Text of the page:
is it right?
Oct 24, 2008
I was reading the local newspaper here and there was a story about a man infecting himself with HIV. He got it from his pos. wife to show his love for her. Now there is a big up roar about it people saying that there tax dollars should not go to help him. I think that she is lucky to find someone who loves her that much what do you think?
Response from Dr. Frascino
I think the guy is nuts. Allowing one's self to become infected with HIV does not prove love. I do admit that "survivor guilt" is as a real phenomenon in mixed-serostatus couples. And although I understand the "let's go through this together" ideology, in reality it doesn't make any sense. HIV is not the same disease in very person. For instance, it's possible Mr. Newly-Infected could progress much faster than his HIV-positive wife! I also can't imagine why the HIV-positive wife would allow her husband to put himself at risk for contracting the virus. How does one live with himself if he knowingly gives his mate a non-curable disease??? I've been in a magnetic relationship for 15 years. There is no way in hell I'd purposely expose the love of my life to this hideous disease. To do so would be unconscionable.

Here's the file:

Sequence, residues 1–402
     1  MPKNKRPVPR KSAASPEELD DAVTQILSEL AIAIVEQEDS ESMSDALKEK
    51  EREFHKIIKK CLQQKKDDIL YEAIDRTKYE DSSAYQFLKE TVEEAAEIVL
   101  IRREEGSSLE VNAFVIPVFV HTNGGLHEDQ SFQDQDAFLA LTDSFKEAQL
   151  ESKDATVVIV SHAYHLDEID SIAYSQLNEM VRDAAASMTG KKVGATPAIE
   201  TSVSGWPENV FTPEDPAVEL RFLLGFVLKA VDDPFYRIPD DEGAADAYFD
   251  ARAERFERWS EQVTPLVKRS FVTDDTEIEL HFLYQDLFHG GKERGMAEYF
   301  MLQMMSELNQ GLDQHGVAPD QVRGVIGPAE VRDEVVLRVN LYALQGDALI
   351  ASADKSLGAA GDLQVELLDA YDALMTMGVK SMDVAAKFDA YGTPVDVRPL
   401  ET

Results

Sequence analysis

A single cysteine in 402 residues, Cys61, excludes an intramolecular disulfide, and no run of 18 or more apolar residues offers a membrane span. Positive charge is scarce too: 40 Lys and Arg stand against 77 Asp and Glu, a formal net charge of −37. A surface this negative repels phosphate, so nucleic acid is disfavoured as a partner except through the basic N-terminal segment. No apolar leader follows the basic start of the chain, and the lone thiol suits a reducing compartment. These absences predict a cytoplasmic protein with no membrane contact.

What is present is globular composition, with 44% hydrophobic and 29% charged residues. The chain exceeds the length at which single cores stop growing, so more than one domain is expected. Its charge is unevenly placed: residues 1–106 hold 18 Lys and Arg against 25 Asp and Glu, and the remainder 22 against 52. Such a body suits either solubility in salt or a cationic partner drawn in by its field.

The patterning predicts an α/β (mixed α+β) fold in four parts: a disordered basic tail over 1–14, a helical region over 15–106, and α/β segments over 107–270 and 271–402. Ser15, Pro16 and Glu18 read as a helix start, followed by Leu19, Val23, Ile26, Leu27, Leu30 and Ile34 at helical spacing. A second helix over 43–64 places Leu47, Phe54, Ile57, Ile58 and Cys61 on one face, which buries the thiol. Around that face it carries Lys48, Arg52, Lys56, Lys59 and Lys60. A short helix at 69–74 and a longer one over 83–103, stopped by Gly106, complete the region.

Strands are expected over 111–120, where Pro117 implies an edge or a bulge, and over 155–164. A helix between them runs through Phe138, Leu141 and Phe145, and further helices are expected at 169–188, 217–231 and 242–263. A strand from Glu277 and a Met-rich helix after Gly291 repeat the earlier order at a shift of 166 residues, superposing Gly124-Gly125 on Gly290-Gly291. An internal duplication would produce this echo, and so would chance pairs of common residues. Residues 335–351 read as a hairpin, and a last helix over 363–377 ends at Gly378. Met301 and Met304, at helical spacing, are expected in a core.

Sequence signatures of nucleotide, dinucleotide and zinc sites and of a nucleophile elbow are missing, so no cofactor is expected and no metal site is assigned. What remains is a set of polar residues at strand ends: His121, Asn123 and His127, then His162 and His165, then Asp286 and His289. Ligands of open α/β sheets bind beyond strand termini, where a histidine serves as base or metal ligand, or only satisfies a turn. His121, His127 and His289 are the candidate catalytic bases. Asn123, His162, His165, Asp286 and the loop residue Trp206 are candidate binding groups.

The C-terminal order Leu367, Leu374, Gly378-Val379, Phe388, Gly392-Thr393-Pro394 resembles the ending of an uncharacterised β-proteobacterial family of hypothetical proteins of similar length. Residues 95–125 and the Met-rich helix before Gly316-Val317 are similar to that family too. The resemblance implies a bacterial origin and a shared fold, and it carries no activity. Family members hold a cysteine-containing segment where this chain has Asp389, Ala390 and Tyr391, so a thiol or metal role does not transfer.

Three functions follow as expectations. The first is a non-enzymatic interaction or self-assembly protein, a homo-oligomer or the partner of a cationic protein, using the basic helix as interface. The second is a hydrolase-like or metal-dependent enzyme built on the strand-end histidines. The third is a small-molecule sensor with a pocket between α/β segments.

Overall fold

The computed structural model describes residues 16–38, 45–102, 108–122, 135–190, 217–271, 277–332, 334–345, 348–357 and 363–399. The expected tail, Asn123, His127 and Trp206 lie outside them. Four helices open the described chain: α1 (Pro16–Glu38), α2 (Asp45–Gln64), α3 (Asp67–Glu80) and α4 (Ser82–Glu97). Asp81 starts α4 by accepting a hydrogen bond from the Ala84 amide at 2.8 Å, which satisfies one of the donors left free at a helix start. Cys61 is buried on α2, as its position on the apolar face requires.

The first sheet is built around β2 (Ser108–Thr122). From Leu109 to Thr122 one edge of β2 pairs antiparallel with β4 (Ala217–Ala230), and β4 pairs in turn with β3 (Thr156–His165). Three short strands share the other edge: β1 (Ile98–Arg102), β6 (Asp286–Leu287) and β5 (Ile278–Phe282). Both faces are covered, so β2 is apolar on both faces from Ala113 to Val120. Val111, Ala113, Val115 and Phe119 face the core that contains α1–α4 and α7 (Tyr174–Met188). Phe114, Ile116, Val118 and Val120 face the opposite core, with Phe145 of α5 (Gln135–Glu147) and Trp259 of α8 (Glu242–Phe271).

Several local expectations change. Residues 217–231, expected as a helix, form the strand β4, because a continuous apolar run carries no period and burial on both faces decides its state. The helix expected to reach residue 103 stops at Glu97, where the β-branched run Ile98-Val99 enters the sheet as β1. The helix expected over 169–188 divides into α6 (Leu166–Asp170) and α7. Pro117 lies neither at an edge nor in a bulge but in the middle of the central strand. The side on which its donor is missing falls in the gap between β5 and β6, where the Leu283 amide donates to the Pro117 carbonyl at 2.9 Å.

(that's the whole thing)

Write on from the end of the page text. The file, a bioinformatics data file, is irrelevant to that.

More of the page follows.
As for the big uproar about tax dollars covering someone who made a very unwise health decision, the same argument could be used not to pay for people who smoke or who are fat or kids who ride skateboards and break their leg or people who voted for McCain/Palin. These are all extremely unwise voluntary decisions that could have a very negative and costly effect on one's health.
Get Email Notifications When This Forum Updates or Subscribe With RSS
- Herpes Sign Of HIV Infection
- Is Tingling In Feet A Symptom Of Acute HIV Infection?
- Loose Stool Worried It Could Be Ars
- Sore On Penis Could I Have AIDS
- Blowjob From A Prostitute How Long Does It Take To Test Positive For HIV
- Burning Urethra After Anal Sex With Condom Does It Mean I Have HIV
This forum is designed for educational purposes only, and experts are not rendering medical, mental health, legal or other professional advice or services. If you have or suspect you may have a medical, mental health, legal or other problem that requires advice, consult your own caregiver, attorney or other qualified professional.
Experts appearing on this page are independent and are solely responsible for editing and fact-checking their material. Neither TheBody.com nor any advertiser is the publisher or speaker of posted visitors' questions or the experts' material.